The Garden’s Makeup and Mosaic Art for the Labyrinth Pathways

The garden will be comprised of six main components: a 50-foot x 60-foot crab labyrinth with mosaic walking paths surrounded by herbs; a 16-foot 3-tiered waterfall; a large sandpit with a rowboat play feature (with sand, lily pad mosaics to hop along, grasses to simulate reeds, boulders, and, if I can get one donated, a piling with nautical rope to moor the boat); a smaller ADA accessible sandpit for those with handicaps but also for introspective/non-social play, with buried marine fossils to unearth; a pollinator garden; a child’s faux meadow with a small amphitheater; and a stumpery with a fairy garden, and all kinds of magical things including, I hope, a small tree snag planted upside down so that its roots become the canopy, fairy houses created by some talented local artists, and loose parts so that children can create their own fairy houses.


How, you ask, am I going to create all of these things, including so many other ideas I have in mind? Well, that’s what I wondered too, especially with a budget of only $4,000, but then I already knew what a great community I lived in. I began reaching out to the different area schools looking for artistic youth. My first priorities were to find artists to create mosaics for the walking path in the labyrinth and the materials needed to make them.


I approached the CFO of United Builder’s Supply, Jared Beaulieu, and he was amazing! He too went to UConn and he saw that I was, quite possibly, in over my head.  (Was it that obvious?) He set about getting a team of people to help me from the masonry and tile departments. UBS ultimately donated about six pallets of porcelain tile and the materials needed to build the labyrinth itself, including permeable pavers, edging, adhesive, and grout. They also provided the know-how, explaining why we needed to use porcelain tiles for the outdoors and a certain type of adhesive and grout. That expertise and the materials allowed me to approach local schools starting with the administration.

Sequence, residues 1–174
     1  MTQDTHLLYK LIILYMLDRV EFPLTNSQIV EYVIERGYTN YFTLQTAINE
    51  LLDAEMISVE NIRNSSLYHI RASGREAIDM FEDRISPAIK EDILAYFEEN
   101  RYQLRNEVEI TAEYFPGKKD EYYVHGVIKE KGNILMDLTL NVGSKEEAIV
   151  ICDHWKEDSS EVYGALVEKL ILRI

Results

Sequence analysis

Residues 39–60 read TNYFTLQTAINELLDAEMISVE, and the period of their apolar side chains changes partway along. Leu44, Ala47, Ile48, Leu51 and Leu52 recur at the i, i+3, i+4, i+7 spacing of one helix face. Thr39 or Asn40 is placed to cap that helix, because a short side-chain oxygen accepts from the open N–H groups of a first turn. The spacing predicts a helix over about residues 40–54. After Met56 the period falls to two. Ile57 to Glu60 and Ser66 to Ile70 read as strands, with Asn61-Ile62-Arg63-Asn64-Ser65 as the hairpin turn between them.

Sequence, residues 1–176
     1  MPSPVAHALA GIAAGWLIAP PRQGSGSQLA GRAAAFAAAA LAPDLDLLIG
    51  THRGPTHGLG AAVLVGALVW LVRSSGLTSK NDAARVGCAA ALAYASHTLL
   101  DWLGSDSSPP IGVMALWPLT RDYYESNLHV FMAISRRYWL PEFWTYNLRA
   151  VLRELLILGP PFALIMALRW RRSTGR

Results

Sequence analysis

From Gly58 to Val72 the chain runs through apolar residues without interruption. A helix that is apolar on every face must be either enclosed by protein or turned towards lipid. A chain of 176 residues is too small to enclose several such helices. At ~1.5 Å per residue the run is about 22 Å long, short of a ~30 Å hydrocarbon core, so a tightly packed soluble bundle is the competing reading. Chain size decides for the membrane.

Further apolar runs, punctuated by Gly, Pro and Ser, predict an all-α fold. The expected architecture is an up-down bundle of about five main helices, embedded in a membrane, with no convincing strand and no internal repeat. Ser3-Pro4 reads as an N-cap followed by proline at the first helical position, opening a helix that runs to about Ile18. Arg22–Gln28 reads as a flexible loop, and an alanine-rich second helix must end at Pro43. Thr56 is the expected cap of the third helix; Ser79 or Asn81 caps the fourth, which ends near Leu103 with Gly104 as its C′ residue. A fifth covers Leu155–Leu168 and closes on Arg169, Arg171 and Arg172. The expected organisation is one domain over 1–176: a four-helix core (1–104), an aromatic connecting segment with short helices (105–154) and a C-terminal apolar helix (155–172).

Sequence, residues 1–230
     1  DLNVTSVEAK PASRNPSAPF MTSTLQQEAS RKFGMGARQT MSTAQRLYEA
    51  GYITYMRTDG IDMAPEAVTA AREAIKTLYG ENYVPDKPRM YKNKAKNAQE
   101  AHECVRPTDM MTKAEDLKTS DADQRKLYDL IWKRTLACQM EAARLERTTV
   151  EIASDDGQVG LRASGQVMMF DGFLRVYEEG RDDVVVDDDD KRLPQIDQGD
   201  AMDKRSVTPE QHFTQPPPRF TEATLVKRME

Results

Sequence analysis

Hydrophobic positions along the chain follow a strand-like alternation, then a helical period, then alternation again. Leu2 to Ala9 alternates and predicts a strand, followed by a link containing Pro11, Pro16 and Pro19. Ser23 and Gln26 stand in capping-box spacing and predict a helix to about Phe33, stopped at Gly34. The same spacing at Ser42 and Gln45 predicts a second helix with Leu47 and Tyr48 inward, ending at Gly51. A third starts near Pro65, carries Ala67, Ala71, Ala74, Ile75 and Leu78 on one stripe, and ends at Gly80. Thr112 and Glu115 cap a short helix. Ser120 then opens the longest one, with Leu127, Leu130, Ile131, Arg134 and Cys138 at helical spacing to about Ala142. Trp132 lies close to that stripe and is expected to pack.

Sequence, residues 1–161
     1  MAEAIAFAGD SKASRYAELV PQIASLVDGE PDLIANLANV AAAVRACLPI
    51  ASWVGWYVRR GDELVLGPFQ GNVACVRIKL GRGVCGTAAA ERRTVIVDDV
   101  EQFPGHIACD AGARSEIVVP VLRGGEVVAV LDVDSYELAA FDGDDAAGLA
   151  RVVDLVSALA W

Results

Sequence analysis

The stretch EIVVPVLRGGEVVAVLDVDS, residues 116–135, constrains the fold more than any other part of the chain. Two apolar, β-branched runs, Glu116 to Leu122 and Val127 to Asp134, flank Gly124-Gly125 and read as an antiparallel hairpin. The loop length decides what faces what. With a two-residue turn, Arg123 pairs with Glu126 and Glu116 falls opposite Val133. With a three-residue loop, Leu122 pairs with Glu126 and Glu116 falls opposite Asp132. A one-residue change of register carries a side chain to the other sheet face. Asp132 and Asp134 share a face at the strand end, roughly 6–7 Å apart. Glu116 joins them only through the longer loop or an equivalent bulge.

Waterford High School Vice Principal, Alison Moger, immediately embraced the project and took action. Within minutes (literally!) Shelly Concascia, an amazingly generous art teacher, took on the task of teaching the art of mosaic to students from two of her classes and students in the National Art Honor Society. Ms. Concascia started the mosaic project a few weeks ago and the students have been creating their mosaics on mesh that we will adhere to the pavers before placing them in the labyrinth. Pavers with neutral colored mosaics will surround each individual piece of art to allow the eyes to rest as they move through the pathways. Each mosaic, both neutral and masterpiece, will help to create an utterly unique and beautiful labyrinth. Take a peek at what the students are working on below or in the gallery.


I want this labyrinth to be special, to invite children to not only walk its paths, but to look closer and explore the earth and plants at their feet. I also want beauty and art in the garden to engage and delight the children and other visitors. Mosaics invite touch and I think young children and adults alike will be drawn to the artwork and want to run their hands along it. The amazing part of this project is that the students are creating something for the community that will have a lasting impact. If they attend Avery Point, they can walk along the pathway and see their contribution or maybe one day take their own children to see it. They are learning a new medium and, at the same time, exposing others to this type of art.


About 175 linear feet of pavers (which will be a combination of 18” x 18”, 9”x 18″, and 9”x 9” pavers) are needed to create the pathways and the students needed many different tiles including a variety of colors which were more difficult to come by in porcelain tiles (unless you’re like me and, not by choice, still have pink bathroom tiles from the 1970s . . . but those aren’t even porcelain!).  As such, we (including my dear friend Mary Ballachino who I will talk about in a later post) went in search of tiles. More tile was donated from Owen Coffey & Sons in Niantic, Old Lyme Stone, and Habitat for Humanity ReStore in Waterford. Without these donations and without Ms. Concascia taking on such a huge, laborious project, we wouldn’t have such an amazing piece of art in our community. I’m so thankful that Ms. Concascia was willing to embrace this project, teaching her students the art of mosaic making, and dealing with the constant breaking of tiles, grouting, and other challenges—even offering several days for students to finish up after school if they’re running behind. That kind of dedication makes me so proud of our teachers and our schools, but also of our students who I see putting so much effort into this project.


One more thanks to the WHS Administration and April Cairns, the Learning Through Service Coordinator, who have been so supportive of this project and are providing an opportunity for seniors to create additional mosaics during the upcoming testing day. That number of mosaics takes a heck of a lot of time and effort! I am so grateful for their support as well as the student’s willingness to participate.


  • Waterford High School Art Teacher Shelley Concasia in action!
    Waterford High School Art Teacher Shelly Concasia in action!